Elixir macros are evil (sometimes)



First, a bit of background. A couple of months ago I got interested in Ethereum. I decided to write a simple Elixir wrapper for its JSON RPC api methods. JSON RPC is light-weight remote procedure call protocol.

JSON RPC message must consist of three properties:

  • method - the name of the method
  • params - object or array of values (In Ethereum’s case, an array)
  • id - the id of the request

Let’s consider Ethereum’s web3_sha3 method that calculates a sha3 hash of the input data. It has one parameter - the string to be converted into a sha3 hash. To call this method wrap the parameter info in an array and call it like so:

// Request
curl -X POST --data '{"jsonrpc":"2.0","method":"web3_sha3","params":["0x68656c6c6f20776f726c64"],"id":64}'

// Result
  "jsonrpc": "2.0",
  "result": "0x47173285a8d7341e5e972fc677286384f802f8ef42a5ec5f03bbfa254cb01fad"

Ethereum JSON RPC consists of more than 50 methods. Note that parameters can have types other than string (binary). For example, eth_getBlockByHash accepts boolean value as one of its input parameters.

The first approach

“That’s easy.”, I thought at the time. “If method requests differ only in their names and input parameters I should write macro that would generate all of these methods for me”

And I wrote this macro. Here’s a simplified version:

defmodule Ethereumex.Client.Macro do
  defmacro __using__(_) do

    methods = Methods.methods # a lot of methods with format {binary, atom}

    quote location: :keep, bind_quoted: [methods: methods] do

      |> Enum.each(fn({original_name, formatted_name}) ->
       def unquote(formatted_name)(params) when is_list(params) do
         send_request(unquote(original_name), params)

      def send_request(method_name, params) when is_list(params) do
        # params preparation


      def request(params) do
        # request itself

I was satisfied with this solution because it was concise, without any boilerplate code. I felt like Hercules when he killed the lernean hydra cutting its heads and searing the headless tendons of the neck but instead of the power of fire I had the power of elixir macros.

But unfortunately, the solution had a couple of problems.

Problems with the first approach

Soon an issue with the request for implementation of smart contract compilation and interaction was opened in the repository. The requested feature is more high level compared to the original API methods and it used different combinations of them.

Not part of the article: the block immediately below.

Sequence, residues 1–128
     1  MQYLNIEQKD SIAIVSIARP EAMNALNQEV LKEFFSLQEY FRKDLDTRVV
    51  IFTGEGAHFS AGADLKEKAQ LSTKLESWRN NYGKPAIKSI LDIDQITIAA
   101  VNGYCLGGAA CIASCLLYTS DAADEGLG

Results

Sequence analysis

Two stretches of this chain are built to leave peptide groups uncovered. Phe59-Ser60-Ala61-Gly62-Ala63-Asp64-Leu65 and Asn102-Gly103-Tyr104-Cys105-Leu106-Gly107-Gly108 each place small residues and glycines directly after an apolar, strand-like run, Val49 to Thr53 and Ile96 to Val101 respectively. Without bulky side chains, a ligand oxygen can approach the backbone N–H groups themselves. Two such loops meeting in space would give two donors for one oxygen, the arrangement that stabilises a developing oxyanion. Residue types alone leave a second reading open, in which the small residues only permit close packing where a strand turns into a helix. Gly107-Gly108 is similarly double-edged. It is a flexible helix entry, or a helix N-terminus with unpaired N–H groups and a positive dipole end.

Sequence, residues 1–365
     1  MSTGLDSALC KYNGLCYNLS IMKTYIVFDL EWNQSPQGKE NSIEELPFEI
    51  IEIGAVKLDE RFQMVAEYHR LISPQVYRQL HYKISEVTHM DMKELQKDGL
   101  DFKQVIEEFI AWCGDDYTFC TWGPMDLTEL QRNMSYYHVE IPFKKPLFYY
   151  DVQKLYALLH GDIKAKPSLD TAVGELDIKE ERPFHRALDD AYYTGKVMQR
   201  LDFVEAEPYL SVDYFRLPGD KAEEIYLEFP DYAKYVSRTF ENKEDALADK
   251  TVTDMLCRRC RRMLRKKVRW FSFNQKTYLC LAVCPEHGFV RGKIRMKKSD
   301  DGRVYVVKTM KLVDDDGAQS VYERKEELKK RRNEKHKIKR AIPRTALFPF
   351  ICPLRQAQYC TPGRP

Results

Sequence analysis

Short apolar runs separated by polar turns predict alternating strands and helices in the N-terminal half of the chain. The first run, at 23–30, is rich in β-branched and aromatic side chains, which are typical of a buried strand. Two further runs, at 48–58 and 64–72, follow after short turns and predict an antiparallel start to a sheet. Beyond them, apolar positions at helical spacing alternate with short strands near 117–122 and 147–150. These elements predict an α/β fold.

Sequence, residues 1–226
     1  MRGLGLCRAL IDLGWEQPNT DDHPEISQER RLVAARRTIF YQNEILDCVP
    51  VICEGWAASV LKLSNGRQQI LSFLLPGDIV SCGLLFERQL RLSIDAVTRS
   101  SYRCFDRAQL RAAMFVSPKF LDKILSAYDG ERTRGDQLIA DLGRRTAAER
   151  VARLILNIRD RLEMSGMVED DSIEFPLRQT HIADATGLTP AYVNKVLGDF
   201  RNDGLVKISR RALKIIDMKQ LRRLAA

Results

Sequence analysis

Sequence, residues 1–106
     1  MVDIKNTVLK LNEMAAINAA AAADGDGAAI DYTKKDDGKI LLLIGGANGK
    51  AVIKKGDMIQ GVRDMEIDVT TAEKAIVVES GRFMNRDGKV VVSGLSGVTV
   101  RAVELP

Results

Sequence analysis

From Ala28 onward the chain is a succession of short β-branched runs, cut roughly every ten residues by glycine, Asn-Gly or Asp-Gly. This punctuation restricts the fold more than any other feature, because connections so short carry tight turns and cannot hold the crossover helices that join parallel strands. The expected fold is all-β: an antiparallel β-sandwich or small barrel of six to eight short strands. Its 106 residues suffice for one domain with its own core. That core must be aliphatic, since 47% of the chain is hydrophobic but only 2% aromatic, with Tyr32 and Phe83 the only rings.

I decided to test this feature with the mox library created by our lord and savior Jose Valim. As described in its readme, the mox library follows the principles outlined in “Mocks and explicit contracts”, summarized below:

  • No ad-hoc mocks. You can only create mocks based on behaviours

  • No dynamic generation of modules during tests. Mocks are preferably defined in your test_helper.exs or in a setup_all block and not per test

  • Concurrency support. Tests using the same mock can still use async: true

  • Rely on pattern matching and function clauses for asserting on the input instead of complex expectation rules

As you can see I couldn’t mock with mox because all methods are dynamically generated and don’t abide any behaviour. So I created an issue in the mox library asking if I should define behaviour with all api methods or if there is some other way.

One minute later I got an answer from Jose:

One of the guidelines in Elixir is that every time you you generate a function in the user code it should be to abide to some behaviour, so yes, you need behaviours.

Jose Valim

Another problem with the current implementation was the method signatures. It’s not apparent what parameters every method accepts.

# map in list

# list of binaries
HttpClient.eth_get_storage_at([binary1, binary2, binary3])

To summarize, there were two problems:

  • Methods were hard to mock
  • Ugly method signature

So I began refactoring the library to get rid of this problems.

The second approach

In the second approach I defined behaviour with all JSON API methods

defmodule Ethereumex.Client.Behaviour do
  @type error :: {:error, map() | binary() | atom()}

  # API methods

  @callback web3_client_version(keyword()) :: {:ok, binary()} | error
  @callback web3_sha3(binary(), keyword()) :: {:ok, binary()} | error
  @callback net_version(keyword()) :: {:ok, binary()} | error
  @callback net_peer_count(keyword()) :: {:ok, binary()} | error

And then I implemented this behavior in the macro:

defmodule Ethereumex.Client.Macro do
  alias Ethereumex.Client.Behaviour

  defmacro __using__(_) do
    quote location: :keep do
      @behaviour Behaviour
      @type error :: Behaviour.error

      @spec web3_client_version(keyword()) :: {:ok, binary()} | error
      def web3_client_version(opts \\ []) do
        "web3_clientVersion" |> request([], opts)

      @spec web3_sha3(binary(), keyword()) :: {:ok, binary()} | error
      def web3_sha3(data, opts \\ []) do
        params = [data]

        "web3_sha3" |> request(params, opts)


So now I can easily mock any method and all method signatures have explicit parameter types.

I implemented the behaviour in the macro because Ethereum JSON RPC has two types of clients:

  • ipc clients using unix sockets
  • http clients

So to define this client I only needed to include the macro in client modules and override the request/2 method like this:

defmodule MyClient do
  use Ethereumex.Client.Macro

  def request(params, opts) do


So Elixir macros as all powerful tools should be used responsibly.

If you have any remarks or thoughts on the matter please leave comments.

The library has a GitHub repository - https://github.com/exthereum/ethereumex